An Aberdeen mum has opened up about her struggle to make ends meet amid rising food prices.
She spoke to the P&J as new research by Robert Gordon University (RGU) showed food poverty among young mothers in the north-east is getting worse.
Laila Kesson, 19, said her struggles began when the cost of her two-year-old son Declan’s formula milk went up by £3.
‘Your job as a mum is to provide for your children’
“It started rather suddenly when that went up and I had to look for an alternative,” she said.
“I felt a huge amount of pressure and worry. Trying to make sure my son had a healthy diet and give him what he needed and also wanted – it was just impossible.
“I felt like I was letting him down and it was heartbreaking. It was just a really hard time.
“Your job as a mum is to provide for your children and when you can’t, it is a lot to process and has a huge impact on your mental health.”
‘I cut back on everything to put food on the table’
To try and ease her and Declan’s situation, Laila tried to find work. But as a single parent, this proved hard with a young son to look after at the same time.
“I cut back on everything I could, and on all social activities for Declan, to make sure I could put food on the table,” she said.
Laila finally managed to turn things around when she began working for AberNecessities, a baby bank that provides for disadvantaged families in the north-east.
Her work there as an operations assistant means she is now able to provide for herself and Declan.
But through her work with the charity, Laila has seen first-hand how food poverty among young mums in the area is getting worse, not better.
“The cost of everything is going up,” said Laila.
“Every shop you go into, prices are up by so much, and it can be hard to keep up with, which means less food in the fridge.
“Money simply doesn’t go as far as it used to or as far as you need it to.
“I feel like everyone is in a difficult situation and everyone is struggling to some degree.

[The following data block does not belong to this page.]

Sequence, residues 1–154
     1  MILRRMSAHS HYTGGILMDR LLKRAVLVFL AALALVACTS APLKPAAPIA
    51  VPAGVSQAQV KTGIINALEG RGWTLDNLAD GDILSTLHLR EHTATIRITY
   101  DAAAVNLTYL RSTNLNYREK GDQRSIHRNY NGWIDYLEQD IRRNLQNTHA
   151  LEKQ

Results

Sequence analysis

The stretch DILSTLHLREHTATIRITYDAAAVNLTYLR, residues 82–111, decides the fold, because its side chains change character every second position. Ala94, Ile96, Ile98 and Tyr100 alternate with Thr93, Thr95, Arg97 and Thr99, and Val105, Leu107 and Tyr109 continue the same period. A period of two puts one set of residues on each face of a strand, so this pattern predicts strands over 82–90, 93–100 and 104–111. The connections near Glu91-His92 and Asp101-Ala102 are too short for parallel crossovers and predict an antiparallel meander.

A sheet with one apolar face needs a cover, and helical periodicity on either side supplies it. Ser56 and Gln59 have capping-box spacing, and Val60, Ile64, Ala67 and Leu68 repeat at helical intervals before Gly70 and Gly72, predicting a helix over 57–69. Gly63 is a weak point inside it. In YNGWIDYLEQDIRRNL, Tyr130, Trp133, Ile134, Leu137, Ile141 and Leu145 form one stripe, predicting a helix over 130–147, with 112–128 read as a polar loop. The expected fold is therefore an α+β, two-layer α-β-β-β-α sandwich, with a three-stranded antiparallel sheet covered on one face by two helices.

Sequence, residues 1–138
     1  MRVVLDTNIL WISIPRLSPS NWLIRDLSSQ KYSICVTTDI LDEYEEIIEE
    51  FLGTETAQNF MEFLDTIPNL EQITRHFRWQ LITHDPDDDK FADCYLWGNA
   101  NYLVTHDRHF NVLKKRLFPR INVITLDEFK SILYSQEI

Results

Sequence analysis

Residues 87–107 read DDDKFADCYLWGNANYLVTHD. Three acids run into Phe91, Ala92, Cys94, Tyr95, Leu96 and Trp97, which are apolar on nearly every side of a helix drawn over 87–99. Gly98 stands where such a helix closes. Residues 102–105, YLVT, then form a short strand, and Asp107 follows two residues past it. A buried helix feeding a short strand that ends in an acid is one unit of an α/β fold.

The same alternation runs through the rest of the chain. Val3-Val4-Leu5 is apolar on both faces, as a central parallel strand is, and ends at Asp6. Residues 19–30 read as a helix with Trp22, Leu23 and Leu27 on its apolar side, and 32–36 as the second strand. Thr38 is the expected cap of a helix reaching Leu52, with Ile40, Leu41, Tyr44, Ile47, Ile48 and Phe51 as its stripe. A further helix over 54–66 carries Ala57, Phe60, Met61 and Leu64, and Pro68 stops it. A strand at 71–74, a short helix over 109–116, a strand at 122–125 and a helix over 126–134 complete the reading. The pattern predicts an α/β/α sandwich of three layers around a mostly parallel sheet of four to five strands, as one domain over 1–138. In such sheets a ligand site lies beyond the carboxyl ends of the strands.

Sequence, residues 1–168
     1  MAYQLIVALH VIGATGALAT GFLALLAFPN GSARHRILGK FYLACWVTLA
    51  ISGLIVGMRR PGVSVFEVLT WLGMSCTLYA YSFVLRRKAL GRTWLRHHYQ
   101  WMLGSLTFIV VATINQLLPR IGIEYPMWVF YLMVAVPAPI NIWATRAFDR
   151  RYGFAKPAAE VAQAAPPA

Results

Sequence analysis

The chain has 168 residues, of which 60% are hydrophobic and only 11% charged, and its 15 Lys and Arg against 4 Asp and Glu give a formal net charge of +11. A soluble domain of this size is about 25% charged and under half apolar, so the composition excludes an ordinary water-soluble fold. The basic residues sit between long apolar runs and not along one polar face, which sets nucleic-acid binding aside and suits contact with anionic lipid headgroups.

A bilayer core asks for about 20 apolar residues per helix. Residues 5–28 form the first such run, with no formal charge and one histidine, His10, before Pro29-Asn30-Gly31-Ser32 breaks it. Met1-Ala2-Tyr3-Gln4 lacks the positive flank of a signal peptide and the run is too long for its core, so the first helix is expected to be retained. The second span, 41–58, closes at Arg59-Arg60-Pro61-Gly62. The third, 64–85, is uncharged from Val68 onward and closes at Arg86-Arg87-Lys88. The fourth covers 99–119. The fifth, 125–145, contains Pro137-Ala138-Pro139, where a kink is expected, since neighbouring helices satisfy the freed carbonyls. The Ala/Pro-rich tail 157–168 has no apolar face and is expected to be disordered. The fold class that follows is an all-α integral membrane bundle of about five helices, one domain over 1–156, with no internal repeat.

“I know from working at AberNecessities we have seen a huge spike in applications and the cost-of-living crisis is a major reason for that.”
The stigma of food poverty
She feels there is still a stigma attached to food poverty, but that anyone who finds themselves in a difficult situation should know that there is help out there.
“It is massive thing because you can feel judged for purchasing the cheaper products.
“But the more people talk about it, the more support you can find.
“Services like AberNecessities are a lifeline to families and provide support with absolutely no judgement.
“I was referred by my family nurse and then developed a relationship with the team.
“I have been on both sides of it – I have received the help and now I get to help provide support to other families who are struggling.
“It’s an amazing thing to be a part of and I am so proud to be involved.”
RGU research reveals worrying trend
Research led by RGU revealed that food poverty among young mums in the north-east has increased since the pandemic.
Working with health professionals and a food pantry network in the region, the research team carried out two interview studies to explore the experiences of parents of babies and toddlers from low-income households.
It highlighted ‘worrying levels of poverty-driven food insecurity’.
Research leader, Professor Flora Douglas, said that over a fifth (21.8%) of children living in Aberdeen and Aberdeenshire are living in poverty.
Many parents on low incomes felt ‘shame and embarrassment’ about seeking help.
‘Society is not paying enough attention to how bad the situation really is’
“The situation has got far worse since the Covid pandemic and there needs to be a real urgency to tackle the problems,” she added.
“We found that parents are using careful budgeting to make ends meet and going without food and other personal expenditures as a way of coping.
“Many are relying on charity or extended family for help with feeding and have insufficient income to cover the costs of living, council tax and other debt associated with overpayment of benefits.
“Unfortunately, it has become ‘normalized’ for mothers on low incomes to go without food and to sacrifice basics in life to support their children.
“Food insecurity is hiding in plain sight and society is not paying enough attention to how bad the situation really is and how policies are tackling the problem.”